Teeth grinding, or bruxism, is a bad habit that involves the clenching, grinding and gnashing of the teeth. While most people do grind their teeth occasionally, it can be very damaging if done frequently. In case teeth grinding becomes a habit, causing intensive pain and damage to the teeth, it is necessary to turn to a dentist.
In this post you will find the answers to the following questions:
- When do we grind our teeth?
- What is in the background of teeth grinding?
- What age group is most at risk?
- How can we know if we grind our teeth? What are the symptoms of teeth grinding?
- Why is teeth grinding damaging and what are the consequences?
- How can we avoid teeth grinding?
- What can we do if teeth grinding becomes serious?
- What to expect at the dentist’s office?
Most people grind their teeth at night during their sleep, which means they are not even aware of what they are doing. However, some people practice this bad habit during the day, especially in stressful situations.
We release tension by grinding our teeth when we find ourselves in a stressful situation or when we feel anger, but are unable to express it. Aggressive or hyperactive behaviour can also involve teeth grinding. Improper bite or crooked teeth might be the cause of the problem, too, just like sleep disorders, antidepressants, alcohol, smoking, drugs and certain medicines.
One in three people suffer from teeth grinding. Adults and children are equally affected, but the problem is most common among adults between the age of 25 and 44 years. This might be due to the lifestyle factors that you can read about in the previous paragraph.
As most of us grind our teeth at night, we are not aware of this bad habit. However, there are some warning symptoms. These can include the sensitivity of the jaw, headache, earache, sensitive teeth or teeth marks in the tongue. You should also take it seriously if your partner complains that they can’t sleep at night because of the noise of you grinding teeth.
Sustained pressure on the teeth, as well as clenching and permanent grinding, affects a number of structures: the temporomandibular joint, the gums, the masseter muscles and even some vertebrae. As a consequence of the constant stress, the occlusal surface and the teeth lose their contour and get ground down.
Bruxism can injure our jaw so that our teeth sink and even the structure of our face changes. If we grind our teeth over a longer period of time, they might break, become loose or they can even fall out. These damaging processes might continue until only the roots of the teeth remain. However, this occurs very rarely, only in extreme cases. It is a real risk though that the angle and position of the teeth changes, consequently some teeth may even get loose. In the middle of the temporomandibular joint there is a movable cartilage.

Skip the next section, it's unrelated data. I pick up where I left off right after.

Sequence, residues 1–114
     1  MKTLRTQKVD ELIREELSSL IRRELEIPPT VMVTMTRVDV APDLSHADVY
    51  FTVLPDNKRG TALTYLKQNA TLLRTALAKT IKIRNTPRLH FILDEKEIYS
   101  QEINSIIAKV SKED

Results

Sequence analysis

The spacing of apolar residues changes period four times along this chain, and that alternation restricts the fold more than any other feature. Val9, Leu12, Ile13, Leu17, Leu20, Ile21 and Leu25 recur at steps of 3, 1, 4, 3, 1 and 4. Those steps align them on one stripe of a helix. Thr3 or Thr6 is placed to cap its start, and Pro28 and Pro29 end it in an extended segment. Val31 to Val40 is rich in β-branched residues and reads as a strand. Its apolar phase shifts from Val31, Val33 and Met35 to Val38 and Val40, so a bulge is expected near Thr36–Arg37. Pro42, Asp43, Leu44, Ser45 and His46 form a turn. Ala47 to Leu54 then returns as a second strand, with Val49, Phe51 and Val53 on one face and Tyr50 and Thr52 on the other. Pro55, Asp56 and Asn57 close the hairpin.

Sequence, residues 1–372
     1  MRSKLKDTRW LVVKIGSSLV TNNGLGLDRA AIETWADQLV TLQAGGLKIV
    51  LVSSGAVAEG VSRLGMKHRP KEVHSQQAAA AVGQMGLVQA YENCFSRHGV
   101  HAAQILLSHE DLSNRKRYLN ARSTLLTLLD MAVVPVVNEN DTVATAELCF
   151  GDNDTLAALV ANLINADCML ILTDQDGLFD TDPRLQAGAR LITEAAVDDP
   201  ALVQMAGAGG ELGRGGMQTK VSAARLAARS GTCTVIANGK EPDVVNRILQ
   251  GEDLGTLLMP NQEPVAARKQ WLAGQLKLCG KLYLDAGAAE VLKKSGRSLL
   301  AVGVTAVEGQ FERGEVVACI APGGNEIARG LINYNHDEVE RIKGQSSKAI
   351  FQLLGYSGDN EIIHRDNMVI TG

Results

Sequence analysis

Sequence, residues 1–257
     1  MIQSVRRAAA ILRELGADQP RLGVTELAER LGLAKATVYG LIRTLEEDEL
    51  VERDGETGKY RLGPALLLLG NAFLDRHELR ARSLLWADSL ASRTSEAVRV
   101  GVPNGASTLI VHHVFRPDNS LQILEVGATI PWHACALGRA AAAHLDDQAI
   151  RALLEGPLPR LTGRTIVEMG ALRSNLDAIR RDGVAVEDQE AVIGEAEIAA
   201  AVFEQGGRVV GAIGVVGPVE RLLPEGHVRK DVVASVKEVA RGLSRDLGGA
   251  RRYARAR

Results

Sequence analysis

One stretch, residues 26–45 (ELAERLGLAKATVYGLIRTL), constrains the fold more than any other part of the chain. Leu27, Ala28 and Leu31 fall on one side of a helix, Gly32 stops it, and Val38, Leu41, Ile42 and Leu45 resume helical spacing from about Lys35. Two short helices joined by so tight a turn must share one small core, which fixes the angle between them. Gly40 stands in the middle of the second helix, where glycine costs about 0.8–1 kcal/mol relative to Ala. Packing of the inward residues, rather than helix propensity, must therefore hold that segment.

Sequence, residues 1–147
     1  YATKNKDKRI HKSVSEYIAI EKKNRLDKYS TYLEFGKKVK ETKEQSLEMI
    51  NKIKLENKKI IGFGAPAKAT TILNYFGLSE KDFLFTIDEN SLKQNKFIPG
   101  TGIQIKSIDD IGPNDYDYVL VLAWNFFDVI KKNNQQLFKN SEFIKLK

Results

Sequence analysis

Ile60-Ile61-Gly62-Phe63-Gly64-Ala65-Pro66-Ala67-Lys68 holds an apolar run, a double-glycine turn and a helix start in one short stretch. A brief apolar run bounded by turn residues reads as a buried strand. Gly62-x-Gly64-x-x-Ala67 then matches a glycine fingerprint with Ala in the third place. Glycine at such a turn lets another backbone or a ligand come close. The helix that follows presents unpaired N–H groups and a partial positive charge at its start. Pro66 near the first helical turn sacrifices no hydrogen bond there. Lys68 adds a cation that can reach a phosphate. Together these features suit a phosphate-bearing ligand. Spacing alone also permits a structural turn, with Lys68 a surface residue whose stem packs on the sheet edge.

This layer of cartilage gets quickly worn out due to the faulty functioning. As a consequence, the joint makes a rattling, popping, crackling or friction noise. Also, its movement is limited and it can hurt. The jaw can get dislocated as well, which means that the patient can neither open nor close their mouth.
Teeth grinding affects not only the temporomandibular joints but also the surrounding areas. The masseters (the muscles for mastication) get first tense, then hard. The next affected body parts are the muscles of the neck and throat.
Headache and chronic tinnitus can also be a consequence of teeth grinding.
We can choose from several solutions if we want to avoid teeth grinding. First of all, we must get rid of the stress as it is the root of the problem. There are various methods and exercises to release stress and relax our muscles. For instance, we can try the cognitive behavioural therapy. We should try to learn how to rest, relax or meditate. We should consume less caffeine, chocolate and alcohol and drink more water. It’s a useful technique to place the tip of the tongue between our teeth, but we can also try a mouthguard.
If you experience intensive pain and permanent problems, you should contact a dentist.
You can expect a few examinations, after which you get the diagnosis and you and your dentist can decide the type of treatment. Your dentist can recommend relaxation or other therapies. He can also suggest that you get crowns, bridges, a mouthguard or prostheses.
Teeth grinding is a harmful habit for releasing tension. Most people grind their teeth at night, so they are not aware of what they are doing. However, there are several symptoms that can turn our attention to the problem: headache, earache, jaw problems or our partner’s complaints that we don’t let them sleep at night. We can choose from various methods if we want to get rid of the problem and the symptoms. The most important task is to treat the root of the problem, that is to decrease stress and tension, and change our lifestyle. If more serious problems occur, we should contact our dentist who can prescribe the appropriate treatment after an examination.